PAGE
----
The notebook in which UCLA wide receiver Devin Lucien jots his thoughts carried a different message recently. "I always write notes to myself, I have a huge notebook," Lucien said. "The note for spring was, 'Prove everything to yourself; don't worry about proving anything to anyone else.'" This is a new Lucien, who will be a junior this fall. The yakking, something that was as much his game as his speed and sure hands, has stopped. There seems a more focused purpose to his demeanor.
NATIONAL
March 29, 2014 | By Molly Hennessy-Fiske
OSO , Wash. -- To mark a statewide moment of silence exactly a week after a massive mudslide slammed this rural town, about 100 firefighters and volunteers in the search for victims filed out of the fire station Saturday and stood before a U.S. flag at half staff. Among the volunteers with heads bowed was Bret Cunningham, 47, of nearby Camano Island. He said he thought of the town's families at that moment, those he has worked beside at the scene they have come to call "the pile.
ENTERTAINMENT
March 6, 2014 | By Sheri Linden
The subject of "Thomas Keating: A Rising Tide of Silence" is a Trappist monk and a prolific author who's considered a transformative figure in contemporary Christianity. In the 1970s, Keating became a key figure in the revival of contemplative prayer, reshaping an ancient monastic tradition for modern-day seekers. Filmmakers Elena Mannes and Peter C. Jones are attentive to the beauty and discipline of meditative devotion, and their portrait will be of special interest to followers for its intimate conversations with the monk, who turned 91 on March 7. Jones, Keating's nephew, has a background in art photography, evident in the creative use of composite stills.
OPINION
January 31, 2014
Re "Puzzling silence after death," Column, Jan. 28 My first thought after reading Sandy Banks' column on the friends of Kim Pham - who witnessed the horrendous assault that killed the young woman - refusing to talk to police was that it seems they have something to hide. I don't get it. Silence is definitely not golden here. Marie Pollara Lévesque Lake Balboa ALSO: Letters: How'd they get their guns? Letters: How safe is your credit card?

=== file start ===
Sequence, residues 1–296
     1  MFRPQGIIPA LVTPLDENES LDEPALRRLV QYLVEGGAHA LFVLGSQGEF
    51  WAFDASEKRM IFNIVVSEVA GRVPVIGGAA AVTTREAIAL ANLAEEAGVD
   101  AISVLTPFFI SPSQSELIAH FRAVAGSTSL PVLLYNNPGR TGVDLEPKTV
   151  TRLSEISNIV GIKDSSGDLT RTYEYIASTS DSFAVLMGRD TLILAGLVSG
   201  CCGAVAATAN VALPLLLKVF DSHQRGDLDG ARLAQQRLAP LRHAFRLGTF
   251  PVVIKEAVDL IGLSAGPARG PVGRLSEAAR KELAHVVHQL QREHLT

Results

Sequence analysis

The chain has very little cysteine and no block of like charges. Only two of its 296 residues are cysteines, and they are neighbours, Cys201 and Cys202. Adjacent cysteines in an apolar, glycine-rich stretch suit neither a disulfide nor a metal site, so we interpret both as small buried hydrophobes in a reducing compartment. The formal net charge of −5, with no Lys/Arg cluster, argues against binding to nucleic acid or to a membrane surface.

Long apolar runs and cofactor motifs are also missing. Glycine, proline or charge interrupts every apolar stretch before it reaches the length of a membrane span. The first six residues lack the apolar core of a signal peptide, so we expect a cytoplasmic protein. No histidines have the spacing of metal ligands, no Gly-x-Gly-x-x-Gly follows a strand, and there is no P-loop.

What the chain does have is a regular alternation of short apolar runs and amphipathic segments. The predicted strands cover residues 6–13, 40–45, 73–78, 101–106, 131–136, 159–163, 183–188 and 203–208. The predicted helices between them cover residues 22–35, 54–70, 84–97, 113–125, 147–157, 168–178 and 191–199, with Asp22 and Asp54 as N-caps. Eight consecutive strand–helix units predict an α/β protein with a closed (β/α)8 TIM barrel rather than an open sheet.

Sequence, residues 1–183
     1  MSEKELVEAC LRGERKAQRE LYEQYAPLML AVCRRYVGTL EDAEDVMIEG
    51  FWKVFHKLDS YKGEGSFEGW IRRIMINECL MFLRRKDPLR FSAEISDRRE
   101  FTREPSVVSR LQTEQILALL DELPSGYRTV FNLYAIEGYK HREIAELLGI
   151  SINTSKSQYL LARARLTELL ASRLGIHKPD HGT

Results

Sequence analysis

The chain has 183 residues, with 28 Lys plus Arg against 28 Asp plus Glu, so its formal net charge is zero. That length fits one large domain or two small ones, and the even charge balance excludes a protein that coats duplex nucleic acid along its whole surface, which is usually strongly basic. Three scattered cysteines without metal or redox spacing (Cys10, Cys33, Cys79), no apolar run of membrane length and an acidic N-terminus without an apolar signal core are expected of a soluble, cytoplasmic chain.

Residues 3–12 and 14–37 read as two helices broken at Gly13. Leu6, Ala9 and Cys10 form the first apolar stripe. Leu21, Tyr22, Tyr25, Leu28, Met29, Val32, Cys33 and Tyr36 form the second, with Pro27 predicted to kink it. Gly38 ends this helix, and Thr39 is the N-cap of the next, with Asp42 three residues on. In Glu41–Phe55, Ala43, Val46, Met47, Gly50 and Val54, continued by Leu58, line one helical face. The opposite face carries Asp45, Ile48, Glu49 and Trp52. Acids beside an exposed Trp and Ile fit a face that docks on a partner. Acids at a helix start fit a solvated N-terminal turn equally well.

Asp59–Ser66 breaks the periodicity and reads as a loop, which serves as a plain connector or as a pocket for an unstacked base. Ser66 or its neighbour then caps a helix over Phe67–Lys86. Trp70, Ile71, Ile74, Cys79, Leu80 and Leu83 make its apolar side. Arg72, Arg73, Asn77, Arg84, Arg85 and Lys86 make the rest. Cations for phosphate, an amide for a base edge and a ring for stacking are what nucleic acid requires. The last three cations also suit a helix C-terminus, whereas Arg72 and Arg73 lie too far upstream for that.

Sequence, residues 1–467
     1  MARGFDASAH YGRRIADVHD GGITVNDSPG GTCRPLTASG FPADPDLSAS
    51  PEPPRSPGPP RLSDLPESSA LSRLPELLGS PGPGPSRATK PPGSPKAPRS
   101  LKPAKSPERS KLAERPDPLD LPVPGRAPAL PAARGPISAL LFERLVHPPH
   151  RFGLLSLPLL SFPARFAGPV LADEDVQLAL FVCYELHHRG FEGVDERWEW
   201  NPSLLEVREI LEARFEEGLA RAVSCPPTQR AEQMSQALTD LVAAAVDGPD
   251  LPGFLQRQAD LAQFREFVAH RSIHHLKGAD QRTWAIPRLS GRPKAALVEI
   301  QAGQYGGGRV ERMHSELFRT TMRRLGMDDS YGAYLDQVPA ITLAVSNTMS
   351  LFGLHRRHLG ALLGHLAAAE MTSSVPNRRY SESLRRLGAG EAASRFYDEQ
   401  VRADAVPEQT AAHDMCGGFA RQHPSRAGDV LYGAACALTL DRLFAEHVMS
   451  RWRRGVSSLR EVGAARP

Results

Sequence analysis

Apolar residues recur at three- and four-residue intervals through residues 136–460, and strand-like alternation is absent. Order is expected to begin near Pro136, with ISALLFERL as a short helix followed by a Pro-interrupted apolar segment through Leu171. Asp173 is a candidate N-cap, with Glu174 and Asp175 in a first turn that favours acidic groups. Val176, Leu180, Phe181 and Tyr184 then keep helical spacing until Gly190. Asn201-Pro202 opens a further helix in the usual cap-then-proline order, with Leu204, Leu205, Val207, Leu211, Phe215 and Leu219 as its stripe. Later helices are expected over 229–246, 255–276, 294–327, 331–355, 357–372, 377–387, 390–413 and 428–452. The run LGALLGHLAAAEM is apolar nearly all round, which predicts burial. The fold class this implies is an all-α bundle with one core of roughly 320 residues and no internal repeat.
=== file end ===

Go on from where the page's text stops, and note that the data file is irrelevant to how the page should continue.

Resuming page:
BOOKS
June 28, 1992
The reviewer, the author and the straying married women interviewed for "The Erotic Silence of the American Wife" (June 14) seem to ignore what would likely happen 10 years down the road if the women divorced, and then married those "wonderful" lovers. You guessed it: With a decade of overfamiliarity, an aging and heavier woman, a couple of kids and lots of "licit" sex, most of those considerate and caring lovers would change into just what the husbands are now! Proof: The divorce rate for second marriages is even higher (and faster)
ENTERTAINMENT
February 18, 1995
As a gay man, I take exception to Howard Rosenberg's review of "Serving in Silence: The Margarethe Cammermeyer Story" (" 'Serving in Silence' Left Too Much Starch In," Feb. 6). What he found "tedious," I found stimulating and refreshing. His strongest remarks seemed to echo comments I've seen bounced around by other critics--mainly, the lack of sensationalism involving the depiction of gay physical relations. From both the film and the book upon which it was based, I feel the real persona of this modern heroine is evoked: a middle-aged woman, intelligent, compassionate, a dedicated officer and devoted mother, who comes to grips with her true feelings: She is attracted to her own gender.
CALIFORNIA | LOCAL
January 31, 2014 | Sandy Banks
The beating death of Kim Pham has begun to morph into urban legend a la Kitty Genovese, the New York City woman stabbed to death 50 years ago while dozens of bystanders supposedly watched but did nothing to help her. In the Genovese case, it took decades to debunk that claim, which became the basis of a psychological concept called the "bystander effect" that explains why crowds fail to come to a victim's aid. In the Pham case, it took...